Children may develop behavioral or emotional difficulties after experiencing physical abuse in the context of domestic violence or after witnessing parental abuse. Children's responses to the violence may vary from aggression to withdrawal to somatic complaints. In addition, children may develop symptoms of depression, anxiety, or PTSD.1

How are the effects of domestic violence treated?

Psychological treatment for victims and perpetrators can be helpful in the aftermath of domestic violence. For battered women, Hattendorf and Tollerud5 recommend a feminist therapy approach in which traditional gender roles are challenged and empowerment of the victim is a primary focus. Individual therapy for victims of domestic violence should begin with a primary focus on safety, particularly if the woman is currently in an abusive relationship. The therapist should assess the current level of dangerousness and lethality in the relationship based on the following factors concerning the batterer: threats of homicide or suicide, possession of weapons, acute depression, alcohol/drug use, history of pet abuse, and level of rage.1 The presence of these factors increases the level of potential lethality in the batterer.

In addition to assessing lethality, the individual therapist should develop a safety plan with the victim. A safety plan may contain a strategy for how to leave a dangerous situation; the preparation of a safety kit (clothing, medications, keys, money, copies of important documents) to be kept either near an exit route or at a trusted friend's house; and arrangements for shelter (made without the batterer's knowledge of the location).1

Once lethality and safety have been addressed, the longer-term goals of treatment for the battered woman can be addressed. These goals include helping the woman identify the impact of abuse on her life and helping her work toward empowerment.5 Victims can be empowered by regaining their independence and reconnecting with supports and resources that may have been cut off due to the isolation of domestic violence. In addition, the victim?s children may need their own treatment to address their responses to witnessing or experiencing abuse.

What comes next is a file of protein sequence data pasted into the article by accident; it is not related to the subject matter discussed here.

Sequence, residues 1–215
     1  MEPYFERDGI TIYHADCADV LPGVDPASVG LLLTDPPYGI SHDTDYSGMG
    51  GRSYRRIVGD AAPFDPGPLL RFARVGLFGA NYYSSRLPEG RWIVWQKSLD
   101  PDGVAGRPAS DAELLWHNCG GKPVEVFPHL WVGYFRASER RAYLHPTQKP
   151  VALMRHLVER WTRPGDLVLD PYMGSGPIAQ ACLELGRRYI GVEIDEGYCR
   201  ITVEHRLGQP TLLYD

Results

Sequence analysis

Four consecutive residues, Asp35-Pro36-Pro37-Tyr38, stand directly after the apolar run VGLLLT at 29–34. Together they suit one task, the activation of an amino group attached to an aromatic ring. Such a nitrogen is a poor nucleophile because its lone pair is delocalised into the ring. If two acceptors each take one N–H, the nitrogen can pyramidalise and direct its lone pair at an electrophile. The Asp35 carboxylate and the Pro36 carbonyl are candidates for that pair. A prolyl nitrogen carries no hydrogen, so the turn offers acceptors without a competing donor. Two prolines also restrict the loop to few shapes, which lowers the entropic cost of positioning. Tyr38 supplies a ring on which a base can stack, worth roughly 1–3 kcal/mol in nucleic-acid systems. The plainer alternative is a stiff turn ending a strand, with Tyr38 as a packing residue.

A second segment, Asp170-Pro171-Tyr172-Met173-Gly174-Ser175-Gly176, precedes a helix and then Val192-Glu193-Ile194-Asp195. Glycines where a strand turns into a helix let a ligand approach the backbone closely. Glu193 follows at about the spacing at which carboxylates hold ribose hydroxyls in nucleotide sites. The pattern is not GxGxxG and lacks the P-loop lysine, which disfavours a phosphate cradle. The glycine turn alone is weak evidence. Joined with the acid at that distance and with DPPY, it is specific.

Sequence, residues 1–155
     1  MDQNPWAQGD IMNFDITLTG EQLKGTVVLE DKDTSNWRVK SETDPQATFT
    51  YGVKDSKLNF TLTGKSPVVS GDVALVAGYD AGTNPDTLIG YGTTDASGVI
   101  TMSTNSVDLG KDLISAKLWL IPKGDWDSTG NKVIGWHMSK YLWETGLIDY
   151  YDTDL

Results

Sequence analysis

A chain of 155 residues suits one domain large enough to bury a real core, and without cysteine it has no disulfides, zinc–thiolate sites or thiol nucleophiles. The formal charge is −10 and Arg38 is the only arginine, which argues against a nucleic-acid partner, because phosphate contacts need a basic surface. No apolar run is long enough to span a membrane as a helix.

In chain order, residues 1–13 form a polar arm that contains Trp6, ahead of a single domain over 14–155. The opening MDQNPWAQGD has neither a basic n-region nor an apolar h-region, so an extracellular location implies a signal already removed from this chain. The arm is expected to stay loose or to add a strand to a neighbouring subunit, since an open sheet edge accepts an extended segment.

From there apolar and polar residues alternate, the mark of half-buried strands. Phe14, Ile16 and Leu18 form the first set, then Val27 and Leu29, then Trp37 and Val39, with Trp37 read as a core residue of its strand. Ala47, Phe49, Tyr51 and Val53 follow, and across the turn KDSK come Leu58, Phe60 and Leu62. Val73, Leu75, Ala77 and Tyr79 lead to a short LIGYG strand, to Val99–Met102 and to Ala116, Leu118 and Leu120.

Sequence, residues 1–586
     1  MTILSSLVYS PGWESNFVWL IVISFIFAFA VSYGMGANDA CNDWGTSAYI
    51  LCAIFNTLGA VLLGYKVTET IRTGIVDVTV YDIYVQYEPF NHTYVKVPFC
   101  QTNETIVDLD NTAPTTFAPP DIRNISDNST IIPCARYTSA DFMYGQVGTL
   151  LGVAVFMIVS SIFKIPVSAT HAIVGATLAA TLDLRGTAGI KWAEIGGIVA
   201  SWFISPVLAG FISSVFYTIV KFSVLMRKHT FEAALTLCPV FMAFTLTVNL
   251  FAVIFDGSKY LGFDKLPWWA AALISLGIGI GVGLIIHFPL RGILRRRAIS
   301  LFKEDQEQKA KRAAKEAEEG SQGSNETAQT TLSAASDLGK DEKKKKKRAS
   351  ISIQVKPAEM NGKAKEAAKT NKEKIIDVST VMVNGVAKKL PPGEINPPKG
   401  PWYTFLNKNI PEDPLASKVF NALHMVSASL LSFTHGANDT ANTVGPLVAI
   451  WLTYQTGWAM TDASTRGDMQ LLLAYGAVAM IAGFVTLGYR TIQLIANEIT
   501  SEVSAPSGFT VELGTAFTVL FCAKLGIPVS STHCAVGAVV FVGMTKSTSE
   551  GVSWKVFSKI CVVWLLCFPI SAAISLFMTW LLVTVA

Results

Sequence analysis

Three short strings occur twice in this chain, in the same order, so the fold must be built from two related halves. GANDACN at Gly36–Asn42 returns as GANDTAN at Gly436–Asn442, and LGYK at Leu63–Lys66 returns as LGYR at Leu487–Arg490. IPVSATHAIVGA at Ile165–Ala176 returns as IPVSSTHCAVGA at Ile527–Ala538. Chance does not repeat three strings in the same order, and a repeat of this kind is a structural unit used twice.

For some victims, additional treatment may be needed to target symptoms of depression, PTSD, substance abuse, or other disorders found to occur in the presence of domestic violence.

Batterers can also benefit from treatment, although it remains unclear exactly how effective treatment is in breaking the cycle of batterers' violence. Batterers benefit most from batterer treatment programs, which in part focus on identifying what domestic violence is. These programs also focus on helping batterers develop a sense of personal responsibility for one's actions and for stopping the violence.1Batterers can also be treated in individual therapy, but the focus of treatment must be on the violence. While some batterers and victims may seek to engage in couple's therapy to address the abuse in their relationship, couple's therapy is not recommended while violence is occurring in the relationship. In addition, it is recommended that each member of the couple complete their individual treatment first, before beginning any couple's therapy.1